Why does my Direct Measurement data show something different from Similarweb’s data?
Similarweb provides a consistent, holistic view of the digital world. You can't compare Direct Measurement data to other Direct Measurement data, let alone Market Intelligence data (like Similarweb), and expect to see a like-for-like comparison. Here are a few reasons why:
The majority of businesses use Direct Measurement tools to measure and analyze traffic to their own domains. Although the technology is usually similar from one tool to the next, surprisingly, the data often varies. This is because of different methodologies used to calculate sessions, session time, and other simple and standard metrics. For example, some methodologies deduplicate visits and/or remove bot traffic, and others don’t.
The way trackers/ analytics code is implemented on a website is very subjective to each company. For example, over the years, websites add new pages to their site and may forget to implement this code on each new page. Websites sometimes own different sites - their blog, online shop, etc. - and could forget to implement code on these sites. Some companies add the tracker to their widgets, apps, browser plugins, and email clients to boost the volume of their visits/page views.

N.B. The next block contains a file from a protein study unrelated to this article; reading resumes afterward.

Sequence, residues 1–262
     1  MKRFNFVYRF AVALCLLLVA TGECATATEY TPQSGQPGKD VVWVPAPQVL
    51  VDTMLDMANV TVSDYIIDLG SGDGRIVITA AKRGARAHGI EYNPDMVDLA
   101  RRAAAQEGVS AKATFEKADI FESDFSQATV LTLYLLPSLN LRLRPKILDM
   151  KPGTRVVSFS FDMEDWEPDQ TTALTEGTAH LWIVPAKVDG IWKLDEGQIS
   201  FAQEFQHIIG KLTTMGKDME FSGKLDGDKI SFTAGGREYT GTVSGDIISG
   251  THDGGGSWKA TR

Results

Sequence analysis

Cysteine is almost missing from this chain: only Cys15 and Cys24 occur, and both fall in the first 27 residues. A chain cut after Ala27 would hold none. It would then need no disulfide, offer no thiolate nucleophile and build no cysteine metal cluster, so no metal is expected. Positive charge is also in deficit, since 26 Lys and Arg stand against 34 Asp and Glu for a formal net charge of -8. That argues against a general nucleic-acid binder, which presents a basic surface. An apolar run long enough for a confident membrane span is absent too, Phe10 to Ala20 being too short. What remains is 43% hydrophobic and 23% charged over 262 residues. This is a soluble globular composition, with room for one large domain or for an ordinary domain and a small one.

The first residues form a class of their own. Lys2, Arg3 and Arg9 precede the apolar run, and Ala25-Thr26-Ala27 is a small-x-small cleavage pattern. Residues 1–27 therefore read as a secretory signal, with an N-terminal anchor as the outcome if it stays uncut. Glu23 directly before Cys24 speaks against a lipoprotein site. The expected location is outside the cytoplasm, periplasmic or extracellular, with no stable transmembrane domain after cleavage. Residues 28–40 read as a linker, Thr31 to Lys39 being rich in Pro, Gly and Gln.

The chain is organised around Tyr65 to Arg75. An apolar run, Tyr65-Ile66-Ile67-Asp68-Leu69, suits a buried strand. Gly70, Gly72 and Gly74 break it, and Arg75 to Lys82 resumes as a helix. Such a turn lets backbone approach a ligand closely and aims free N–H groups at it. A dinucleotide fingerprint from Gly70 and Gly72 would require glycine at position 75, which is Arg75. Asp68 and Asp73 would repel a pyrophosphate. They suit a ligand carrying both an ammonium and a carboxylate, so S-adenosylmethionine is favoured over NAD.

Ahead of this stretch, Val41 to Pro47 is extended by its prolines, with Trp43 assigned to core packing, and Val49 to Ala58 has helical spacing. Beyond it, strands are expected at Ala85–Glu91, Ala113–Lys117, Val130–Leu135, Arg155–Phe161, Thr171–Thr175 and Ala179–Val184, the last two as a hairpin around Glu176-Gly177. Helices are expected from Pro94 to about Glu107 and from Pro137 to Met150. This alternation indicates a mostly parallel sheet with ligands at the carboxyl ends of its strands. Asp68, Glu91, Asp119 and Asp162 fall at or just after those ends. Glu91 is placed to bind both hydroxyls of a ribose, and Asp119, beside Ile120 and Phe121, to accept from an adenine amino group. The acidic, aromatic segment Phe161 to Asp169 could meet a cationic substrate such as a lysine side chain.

Similarweb uses a sample of data to generate the estimations and insights you see on Similarweb. Thus, for websites with a small number of visits, our estimations will not be as statistically significantly accurate. As a general rule, for websites with over 100K monthly visits, we are more confident in our estimations.
There isn’t a single source of truth: Our findings show that the variance between two direct measurement tools can be as much as 30%. Hence, up to 30% difference between your direct measurement and our estimations, is an acceptable discrepancy.
Similarweb offers a consistent methodology: While businesses choose their own source of truth according to the direct measurement system they use (e.g., Google Analytics, Adobe), Similarweb measures all of these sites in a consistent, unified manner.
The bigger the site, the better our estimations: similar to other measurement methodologies, the bigger the sample size, the better the accuracy level.
Make sure the parameters for comparison are the same in both cases:
Are you comparing the same time frame?
Are you comparing the same devices? Total/Desktop/Mobile?
Are you comparing the same metrics? Unique Visitors/Visits?